November 2015

Road worriers

By David Feela

A long holiday weekend only encourages me to stay home. No sense planning a road trip at the risk of being maimed or even killed in an accident. Self-preservation, that’s the key to a long life, and nobody knows this better than retired folks. Give all the non-retired vacationers all the time they need to get back to work or school or whatever life of crime sustains the family, and that’s when I start unfolding my maps.

As a child I sat in the backseat of my parents’ car, eyes glued to the window until the motion of the vehicle rocked me to sleep. In college my thumb got me down the road. Once I owned reliable transportation I didn’t hang around. I drove, sometimes like a maniac, and I didn’t even buckle my seat belt or pack spare underwear.

During my career years, my employers organized my expeditions into those traditional slots known as vacations. Like a rubber band, I was tethered by how far I could stretch my days off, and the whiplash from getting back on time often hurt.

Now the day I leave is flexible and the day I return is negotiable. That’s not exactly a definition of freedom, but it’s as close to a vagabond as I care to get.

Recently I was forced to rent a vehicle while my only transportation was in the shop. The agent on the business side of the rental desk asked if I was under 70. I worried, does he really need to know? Apparently he does, because more car-rental agencies, even major ones like Avis or Hertz, are imposing maximum age limits for drivers, not just minimum. Some European, African, and South Pacific nations already impose a 70-75 age restriction; a few U.S. carriers are setting their cruise control at the same limit. In a decade I might not be able to get out of town.

One more worry that surfaces when I start planning a road trip involves sleep. It’s not that I’m unreasonably finicky about accommodations, but rest-area picnic tables and a reclined bucket seat have lost their appeal. Motels are always a crapshoot when it comes to finding cleanliness and comfort on the fly. Nobody wants to say it, but the chances of coming upon a good motel for under a hundred bucks is like walking into a public toilet and discovering a clean and comfortable seat.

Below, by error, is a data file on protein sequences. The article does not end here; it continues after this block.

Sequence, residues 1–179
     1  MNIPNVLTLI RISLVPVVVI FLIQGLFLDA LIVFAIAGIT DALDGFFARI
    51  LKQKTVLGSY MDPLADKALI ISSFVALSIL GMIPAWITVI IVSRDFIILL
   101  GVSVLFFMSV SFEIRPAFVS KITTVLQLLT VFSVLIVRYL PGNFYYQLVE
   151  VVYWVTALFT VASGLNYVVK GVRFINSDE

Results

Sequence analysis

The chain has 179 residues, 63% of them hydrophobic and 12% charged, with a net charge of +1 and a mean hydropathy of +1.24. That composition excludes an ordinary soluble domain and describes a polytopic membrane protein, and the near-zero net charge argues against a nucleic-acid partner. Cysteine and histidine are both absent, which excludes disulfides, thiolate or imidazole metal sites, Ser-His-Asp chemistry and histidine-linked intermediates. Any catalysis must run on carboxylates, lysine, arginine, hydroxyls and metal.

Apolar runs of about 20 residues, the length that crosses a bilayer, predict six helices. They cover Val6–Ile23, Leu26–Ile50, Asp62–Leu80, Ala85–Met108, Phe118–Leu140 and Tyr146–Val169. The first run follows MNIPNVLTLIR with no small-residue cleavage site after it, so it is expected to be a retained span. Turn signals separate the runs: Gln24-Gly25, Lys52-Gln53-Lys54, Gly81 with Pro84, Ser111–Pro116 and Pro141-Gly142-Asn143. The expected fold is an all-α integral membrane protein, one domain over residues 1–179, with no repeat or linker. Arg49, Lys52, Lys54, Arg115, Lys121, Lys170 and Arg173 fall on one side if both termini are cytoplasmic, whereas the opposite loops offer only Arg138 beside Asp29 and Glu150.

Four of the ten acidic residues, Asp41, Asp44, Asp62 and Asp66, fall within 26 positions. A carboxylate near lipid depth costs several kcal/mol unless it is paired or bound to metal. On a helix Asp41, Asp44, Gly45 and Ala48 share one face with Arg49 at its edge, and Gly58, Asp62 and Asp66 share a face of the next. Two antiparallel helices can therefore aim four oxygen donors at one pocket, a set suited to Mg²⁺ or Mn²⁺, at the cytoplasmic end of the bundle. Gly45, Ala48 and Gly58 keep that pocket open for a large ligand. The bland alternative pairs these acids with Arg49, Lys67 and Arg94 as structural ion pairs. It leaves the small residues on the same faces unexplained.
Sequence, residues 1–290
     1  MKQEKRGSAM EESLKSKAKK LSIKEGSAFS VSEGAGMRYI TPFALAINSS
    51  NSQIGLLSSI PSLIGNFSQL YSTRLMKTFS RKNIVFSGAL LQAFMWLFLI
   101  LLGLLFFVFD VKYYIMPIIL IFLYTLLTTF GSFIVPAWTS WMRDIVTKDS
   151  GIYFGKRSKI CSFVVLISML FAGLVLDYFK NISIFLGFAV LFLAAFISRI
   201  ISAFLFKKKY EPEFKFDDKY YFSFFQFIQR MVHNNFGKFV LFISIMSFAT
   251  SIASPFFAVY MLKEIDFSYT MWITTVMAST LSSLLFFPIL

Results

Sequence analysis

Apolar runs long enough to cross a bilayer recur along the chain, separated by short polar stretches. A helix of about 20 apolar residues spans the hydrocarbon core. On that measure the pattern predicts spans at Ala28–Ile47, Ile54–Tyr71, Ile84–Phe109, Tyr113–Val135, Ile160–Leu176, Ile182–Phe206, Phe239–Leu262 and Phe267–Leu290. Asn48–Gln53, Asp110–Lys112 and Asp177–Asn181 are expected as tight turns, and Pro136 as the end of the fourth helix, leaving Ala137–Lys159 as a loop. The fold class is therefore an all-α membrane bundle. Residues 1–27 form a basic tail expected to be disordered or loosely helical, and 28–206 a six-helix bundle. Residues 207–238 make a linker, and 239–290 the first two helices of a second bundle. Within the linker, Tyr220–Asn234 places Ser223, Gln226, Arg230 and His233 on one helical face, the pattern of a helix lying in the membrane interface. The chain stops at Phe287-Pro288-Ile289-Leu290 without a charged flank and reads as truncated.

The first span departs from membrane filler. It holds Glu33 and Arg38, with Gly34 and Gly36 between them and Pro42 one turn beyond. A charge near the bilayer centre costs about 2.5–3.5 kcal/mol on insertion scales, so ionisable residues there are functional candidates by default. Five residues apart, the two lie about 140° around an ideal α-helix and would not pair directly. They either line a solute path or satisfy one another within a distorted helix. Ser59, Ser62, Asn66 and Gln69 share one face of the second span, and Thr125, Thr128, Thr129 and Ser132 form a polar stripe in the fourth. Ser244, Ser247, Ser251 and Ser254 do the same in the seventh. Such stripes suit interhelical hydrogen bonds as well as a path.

I start packing for a road trip at least five days before I leave, because it gives me enough time to remember the items I’m likely to forget, for unpacking and repacking the same items in two or three alternate configurations, for removing the stuff I finally decide I’ll never need and then reassuring myself I’ll have sufficient time to put it back again after processing the nightmares of being stranded in a foreign-country jail without, say, my favorite spare belt.

Sustenance constipates my thinking when I’m planning a trip. I could pack healthy food in ice chests and stay away from the fast-food feeding troughs, but I don’t want to. What fun is being on the road, freewheeling, when I become a dietary monument to responsible decision- making? Good eating choices. Vegan of the vehicle. Organic overdrive. On the road, I’m with Jack Kerouac: “I ate another apple pie and ice cream; that’s practically all I ate all the way across the country, I knew it was nutritious and it was delicious.” My road trips will never inspire a generation, which is why it’s necessary that they at least inspire me.

I returned from my trip in just 7 days. I may have been worried about things back home, or maybe my confidence sagged. But I saw no aliens at Devils Tower, though everyone I talked to warned me about the possibility. I learned there are parts of Wyoming where driving at or above 80 mph is not such a bad idea. I learned that the rabbit population of Wyoming might be on the brink of extinction based on the number of squashed bunnies that littered the highways. I also learned that people who live in Wyoming are collectively called Wyomingites, which is better than being mistaken for a Nutmegger if you drive through Connecticut. I worry about that.

David Feela, an award-winning poet, essayist, and author, writes from Montezuma County, Colo. See his works at